Mali's President Ibrahim Boubacar Keita has urged Malians not to "bite the hands" of nations giving aid, in a response to growing hostility to foreign forces helping the Sahel country battle Islamist militants.
French forces have been in Mali since a 2013 campaign to drive out Islamist fighters from the country's north, but public anger over growing militant violence has recently turned on the presence of foreign troops.
Keita's appeal came days after a mid-air collision between two helicopters killed 13 French troops who were on a night-time operation against jihadists in Mali.
"We have no reason to glorify how we reached out to those who needed our help yesterday," the president said in a statement late Saturday, referring to Malian soldiers involvement in the two world wars and peacekeeping missions.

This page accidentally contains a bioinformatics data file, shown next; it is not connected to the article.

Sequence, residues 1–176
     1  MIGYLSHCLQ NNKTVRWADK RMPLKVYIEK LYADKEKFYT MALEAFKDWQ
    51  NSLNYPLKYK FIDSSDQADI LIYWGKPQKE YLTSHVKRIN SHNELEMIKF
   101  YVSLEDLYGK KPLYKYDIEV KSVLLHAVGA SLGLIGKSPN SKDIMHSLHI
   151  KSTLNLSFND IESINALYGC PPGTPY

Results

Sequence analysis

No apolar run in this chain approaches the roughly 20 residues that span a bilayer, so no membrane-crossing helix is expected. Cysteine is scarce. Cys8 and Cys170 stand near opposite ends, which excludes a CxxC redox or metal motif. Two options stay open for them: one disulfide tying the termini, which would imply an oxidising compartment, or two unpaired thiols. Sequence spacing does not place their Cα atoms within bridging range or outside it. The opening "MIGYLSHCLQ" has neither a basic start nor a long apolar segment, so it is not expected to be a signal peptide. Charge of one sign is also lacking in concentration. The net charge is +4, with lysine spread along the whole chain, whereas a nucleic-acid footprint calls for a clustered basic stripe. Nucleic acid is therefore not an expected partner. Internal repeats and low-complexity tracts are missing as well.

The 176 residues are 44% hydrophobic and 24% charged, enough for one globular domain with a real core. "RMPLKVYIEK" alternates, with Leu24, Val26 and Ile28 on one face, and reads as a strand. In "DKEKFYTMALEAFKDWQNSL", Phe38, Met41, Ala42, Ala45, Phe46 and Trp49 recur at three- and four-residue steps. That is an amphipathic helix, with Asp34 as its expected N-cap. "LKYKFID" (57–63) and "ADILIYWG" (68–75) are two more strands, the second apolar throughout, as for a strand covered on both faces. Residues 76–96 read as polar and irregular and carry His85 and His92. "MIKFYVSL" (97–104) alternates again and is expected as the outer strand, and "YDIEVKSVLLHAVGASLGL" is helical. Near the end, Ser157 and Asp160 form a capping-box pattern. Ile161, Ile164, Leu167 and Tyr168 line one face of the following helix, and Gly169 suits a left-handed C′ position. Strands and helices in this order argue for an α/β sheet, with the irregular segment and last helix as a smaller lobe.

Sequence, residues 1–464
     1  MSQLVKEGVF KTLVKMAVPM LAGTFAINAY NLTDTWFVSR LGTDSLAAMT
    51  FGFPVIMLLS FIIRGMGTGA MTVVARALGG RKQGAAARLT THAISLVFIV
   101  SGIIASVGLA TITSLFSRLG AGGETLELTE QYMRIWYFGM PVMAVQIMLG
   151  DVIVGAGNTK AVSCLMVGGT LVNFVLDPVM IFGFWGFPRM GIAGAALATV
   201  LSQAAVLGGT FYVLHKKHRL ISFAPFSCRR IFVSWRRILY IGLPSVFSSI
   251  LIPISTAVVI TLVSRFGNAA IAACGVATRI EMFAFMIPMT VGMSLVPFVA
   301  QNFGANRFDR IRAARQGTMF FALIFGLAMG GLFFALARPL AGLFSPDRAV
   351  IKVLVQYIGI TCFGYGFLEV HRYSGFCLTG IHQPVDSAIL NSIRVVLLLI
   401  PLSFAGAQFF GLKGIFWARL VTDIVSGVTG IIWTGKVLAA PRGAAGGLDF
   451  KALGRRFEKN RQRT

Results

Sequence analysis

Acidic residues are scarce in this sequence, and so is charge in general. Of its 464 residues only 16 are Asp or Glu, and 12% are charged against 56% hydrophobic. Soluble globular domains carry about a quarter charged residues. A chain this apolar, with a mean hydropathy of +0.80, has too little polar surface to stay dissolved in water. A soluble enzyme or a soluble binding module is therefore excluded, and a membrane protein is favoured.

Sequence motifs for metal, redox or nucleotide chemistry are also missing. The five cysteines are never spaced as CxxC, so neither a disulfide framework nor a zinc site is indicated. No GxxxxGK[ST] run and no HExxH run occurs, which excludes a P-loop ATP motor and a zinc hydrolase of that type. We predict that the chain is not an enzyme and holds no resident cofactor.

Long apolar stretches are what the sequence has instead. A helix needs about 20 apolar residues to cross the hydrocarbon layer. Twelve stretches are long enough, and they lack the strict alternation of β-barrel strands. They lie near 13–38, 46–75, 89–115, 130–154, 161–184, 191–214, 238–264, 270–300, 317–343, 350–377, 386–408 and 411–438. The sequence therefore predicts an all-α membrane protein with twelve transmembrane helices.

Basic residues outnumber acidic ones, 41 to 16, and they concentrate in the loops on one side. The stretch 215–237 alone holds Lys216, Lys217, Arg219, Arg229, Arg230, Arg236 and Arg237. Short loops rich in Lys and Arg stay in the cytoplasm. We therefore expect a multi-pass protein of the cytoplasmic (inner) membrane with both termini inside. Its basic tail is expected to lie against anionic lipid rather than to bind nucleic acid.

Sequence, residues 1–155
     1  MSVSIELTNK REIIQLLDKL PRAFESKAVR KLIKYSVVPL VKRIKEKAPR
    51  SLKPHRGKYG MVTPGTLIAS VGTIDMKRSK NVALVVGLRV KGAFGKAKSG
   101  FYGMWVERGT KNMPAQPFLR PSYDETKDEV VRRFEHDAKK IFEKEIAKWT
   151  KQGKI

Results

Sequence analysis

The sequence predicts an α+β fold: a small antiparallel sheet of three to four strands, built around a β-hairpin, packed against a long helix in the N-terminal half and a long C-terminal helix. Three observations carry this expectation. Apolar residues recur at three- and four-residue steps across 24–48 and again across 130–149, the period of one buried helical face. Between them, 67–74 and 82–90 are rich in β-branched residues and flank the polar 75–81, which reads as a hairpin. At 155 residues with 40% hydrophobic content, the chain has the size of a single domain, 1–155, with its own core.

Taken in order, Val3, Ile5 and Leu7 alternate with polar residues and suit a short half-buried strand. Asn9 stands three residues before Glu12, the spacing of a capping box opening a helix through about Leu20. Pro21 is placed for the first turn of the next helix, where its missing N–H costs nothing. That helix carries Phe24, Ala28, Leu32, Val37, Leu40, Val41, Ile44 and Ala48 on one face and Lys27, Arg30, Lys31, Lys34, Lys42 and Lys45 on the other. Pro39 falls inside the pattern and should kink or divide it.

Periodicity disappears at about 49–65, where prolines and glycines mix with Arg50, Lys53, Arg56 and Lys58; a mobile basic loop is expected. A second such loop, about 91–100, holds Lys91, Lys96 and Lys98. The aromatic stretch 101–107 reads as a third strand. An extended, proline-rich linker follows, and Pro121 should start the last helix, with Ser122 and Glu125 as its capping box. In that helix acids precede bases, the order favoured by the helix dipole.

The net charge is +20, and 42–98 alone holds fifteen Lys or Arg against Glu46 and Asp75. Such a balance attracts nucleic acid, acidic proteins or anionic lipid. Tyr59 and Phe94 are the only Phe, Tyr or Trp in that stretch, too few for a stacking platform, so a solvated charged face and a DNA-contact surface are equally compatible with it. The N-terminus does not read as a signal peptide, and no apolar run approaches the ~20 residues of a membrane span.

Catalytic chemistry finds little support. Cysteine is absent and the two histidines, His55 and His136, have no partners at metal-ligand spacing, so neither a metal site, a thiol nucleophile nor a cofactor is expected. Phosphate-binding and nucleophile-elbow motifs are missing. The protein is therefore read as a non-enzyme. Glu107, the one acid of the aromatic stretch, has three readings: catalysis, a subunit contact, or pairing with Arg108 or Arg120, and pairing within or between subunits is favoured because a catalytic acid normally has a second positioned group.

"But we also have no reason to bite the hands of those who give us theirs today." Despite the presence of French and other foreign forces, jihadists have regrouped to carry out deadly attacks on Mali's army and violence has spread to neighbouring countries.
Two Malian gendarmes were shot dead Sunday in an attack on their post in the eastern town of Menaka, a local official said.
Mali's leader also called on all parties, including the main opposition, to take part in a national debate to be launched on December 14 to discuss solutions to the country's security crisis.
"We should seize the opportunity," he said.
In another sign of a push for political solutions, a committee monitoring a 2015 peace deal with rebel groups will also hold a meeting on December 11. The committee was responsible for overseeing the disarming of rebel groups and their integration into the Malian armed forces.
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